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Debuchy adapting well to international arena

A relative newcomer to the France squad, Mathieu Debuchy told UEFA.com about the heat in Ukraine, his understanding with Samir Nasri and facing Andriy Shevchenko.

Mathieu Debuchy speaks to UEFA.com ©Sportsfile

There was a clear sense of relief on the Donbass Arena pitch when the final whistle blew. Neither France nor England had managed to find a winning goal, yet the players seemed pleased to have got through the Group D contest in such stifling conditions.

It was not just the soaring temperatures that had made life difficult – humidity levels were also uncomfortably high. "Even the slightest effort brought about a lot of tiredness," France defender Mathieu Debuchy told UEFA.com.

Not that the marauding LOSC Lille Métropole right-back strayed from his usual habits. Debuchy is renowned for his fierce determination, his surging runs up the flank and his supreme fitness. On Monday, despite the searing heat, he was typically dynamic, defending with vigour and combining neatly with Samir Nasri on the many occasions he burst upfield.

Both coaches rang the changes in the latter stages – the likes of Yohan Cabaye and Scott Parker notably making way having run themselves in to the ground – yet Debuchy never showed any signs of flagging. "My legs feel OK," he said the next day. "We've got everything we need to recover from the matches, so, really, it's fine."

It is not certain every player was feeling quite as fresh as Debuchy. The 26-year-old never seems to run out of energy – despite the fact he is preparing to appear in his 50th game of the season, against Ukraine, on Friday – and he will not be using the climate as an excuse should France fall short. "It's really hot," he said. "At pitch level, the air doesn't circulate, so it's not easy. But we're getting used to it. We train in these conditions and we're adapting well."

The sight of Debuchy sprinting forward is familiar to Ligue 1 followers – he has already notched up 218 top-flight appearances since his Lille debut in January 2004. Yet the full-back remains relatively new to international football; he was handed his first cap in November and admitted to feeling nerves before his tournament bow this week. "These games are different," Debuchy explained. "You sense the stakes are very high. At the start I felt a bit of pressure, but as soon the whistle went I was fine."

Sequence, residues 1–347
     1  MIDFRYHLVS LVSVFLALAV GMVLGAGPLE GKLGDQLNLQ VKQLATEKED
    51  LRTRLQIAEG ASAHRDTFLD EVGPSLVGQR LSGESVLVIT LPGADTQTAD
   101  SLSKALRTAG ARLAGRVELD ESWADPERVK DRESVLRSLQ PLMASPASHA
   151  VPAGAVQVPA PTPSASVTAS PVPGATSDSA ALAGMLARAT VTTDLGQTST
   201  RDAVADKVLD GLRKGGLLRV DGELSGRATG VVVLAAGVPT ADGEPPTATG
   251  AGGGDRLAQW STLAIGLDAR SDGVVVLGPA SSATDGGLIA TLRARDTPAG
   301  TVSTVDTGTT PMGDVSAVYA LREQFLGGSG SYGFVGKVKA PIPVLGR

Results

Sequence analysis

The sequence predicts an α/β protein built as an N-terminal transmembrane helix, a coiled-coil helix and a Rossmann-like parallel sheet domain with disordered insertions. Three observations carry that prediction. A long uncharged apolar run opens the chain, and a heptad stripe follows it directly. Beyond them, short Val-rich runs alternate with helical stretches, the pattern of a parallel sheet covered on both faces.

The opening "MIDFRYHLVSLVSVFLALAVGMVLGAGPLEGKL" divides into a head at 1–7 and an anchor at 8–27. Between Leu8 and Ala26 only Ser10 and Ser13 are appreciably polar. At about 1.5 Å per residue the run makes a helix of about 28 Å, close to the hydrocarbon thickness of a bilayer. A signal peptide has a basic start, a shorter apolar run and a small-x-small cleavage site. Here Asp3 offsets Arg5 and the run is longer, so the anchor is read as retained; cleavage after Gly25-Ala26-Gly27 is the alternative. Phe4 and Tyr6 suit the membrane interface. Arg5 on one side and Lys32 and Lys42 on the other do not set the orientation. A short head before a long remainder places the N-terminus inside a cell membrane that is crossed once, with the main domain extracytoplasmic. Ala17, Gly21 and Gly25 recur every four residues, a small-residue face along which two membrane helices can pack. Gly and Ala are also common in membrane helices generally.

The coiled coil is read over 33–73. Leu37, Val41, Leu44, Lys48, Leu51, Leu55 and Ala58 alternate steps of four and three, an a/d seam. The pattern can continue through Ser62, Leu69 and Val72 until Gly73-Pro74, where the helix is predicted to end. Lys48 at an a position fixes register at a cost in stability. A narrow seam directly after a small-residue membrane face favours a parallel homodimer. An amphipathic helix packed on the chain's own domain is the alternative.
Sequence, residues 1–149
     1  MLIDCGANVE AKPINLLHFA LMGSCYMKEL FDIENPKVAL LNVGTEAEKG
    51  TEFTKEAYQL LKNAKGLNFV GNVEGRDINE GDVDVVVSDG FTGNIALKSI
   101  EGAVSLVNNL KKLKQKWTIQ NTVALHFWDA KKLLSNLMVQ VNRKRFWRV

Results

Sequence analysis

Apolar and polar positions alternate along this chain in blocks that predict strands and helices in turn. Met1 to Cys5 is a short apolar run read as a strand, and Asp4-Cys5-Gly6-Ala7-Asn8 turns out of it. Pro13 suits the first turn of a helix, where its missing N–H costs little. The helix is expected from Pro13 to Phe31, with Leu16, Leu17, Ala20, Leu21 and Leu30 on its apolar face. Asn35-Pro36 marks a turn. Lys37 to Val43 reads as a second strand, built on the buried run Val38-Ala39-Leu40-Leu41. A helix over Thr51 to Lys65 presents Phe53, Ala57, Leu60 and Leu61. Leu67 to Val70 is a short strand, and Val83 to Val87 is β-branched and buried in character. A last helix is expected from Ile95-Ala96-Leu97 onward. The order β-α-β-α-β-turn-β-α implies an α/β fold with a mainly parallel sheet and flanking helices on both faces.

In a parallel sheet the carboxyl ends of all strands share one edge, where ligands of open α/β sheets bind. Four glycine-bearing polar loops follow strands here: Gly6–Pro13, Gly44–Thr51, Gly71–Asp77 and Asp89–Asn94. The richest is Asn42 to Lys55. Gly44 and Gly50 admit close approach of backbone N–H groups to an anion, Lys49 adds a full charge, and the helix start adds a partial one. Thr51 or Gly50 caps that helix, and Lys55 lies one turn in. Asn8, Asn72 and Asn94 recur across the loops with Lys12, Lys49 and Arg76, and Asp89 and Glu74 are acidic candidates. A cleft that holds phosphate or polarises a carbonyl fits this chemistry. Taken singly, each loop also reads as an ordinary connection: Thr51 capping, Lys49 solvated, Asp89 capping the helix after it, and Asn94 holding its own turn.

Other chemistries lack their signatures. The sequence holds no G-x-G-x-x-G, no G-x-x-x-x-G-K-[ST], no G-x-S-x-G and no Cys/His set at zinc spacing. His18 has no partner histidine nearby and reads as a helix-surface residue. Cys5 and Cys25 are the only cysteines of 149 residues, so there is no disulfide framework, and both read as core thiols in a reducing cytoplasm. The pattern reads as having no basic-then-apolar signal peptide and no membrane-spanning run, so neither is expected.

The surprise inclusion of teenager Alex Oxlade-Chamberlain on England's left side might have thrown Debuchy, but the full-back was well prepared. "I didn't think [Oxlade-Chamberlain] would start," Debuchy said, "but I knew him a bit already because I watch the Premier League. Yohan Cabaye talked to me about him, too. He's a very good player. I also had to worry about Ashley Cole, who likes to attack, but overall I was quite satisfied with my performance."

France coach Laurent Blanc will also be delighted with the way Debuchy and Nasri combined. Until recently, Loïc Rémy and Bacary Sagna were expected to be first-choice picks on the right wing, but with both players sustaining injuries, Blanc has had to find a new partnership. The early signs are encouraging. "Samir and I talk to each other a lot," Debuchy said. "I know how Samir likes to play and we're striking up a good understanding."

The duo will almost certainly have another chance to show off their rapport against Ukraine. This time, however, rather than worrying about an 18-year-old novice, Debuchy will have a 35-year-old former Ballon d'Or winner in his sights. "[Andriy] Shevchenko is a great striker," he said. "We'll have to mark him really closely because he can turn even the slightest opening into a goal. It's going to be hard because the fans will be 100% behind them. We'll need to be on the top of our game." Given his current form and physical condition, that should not be a big problem for Debuchy.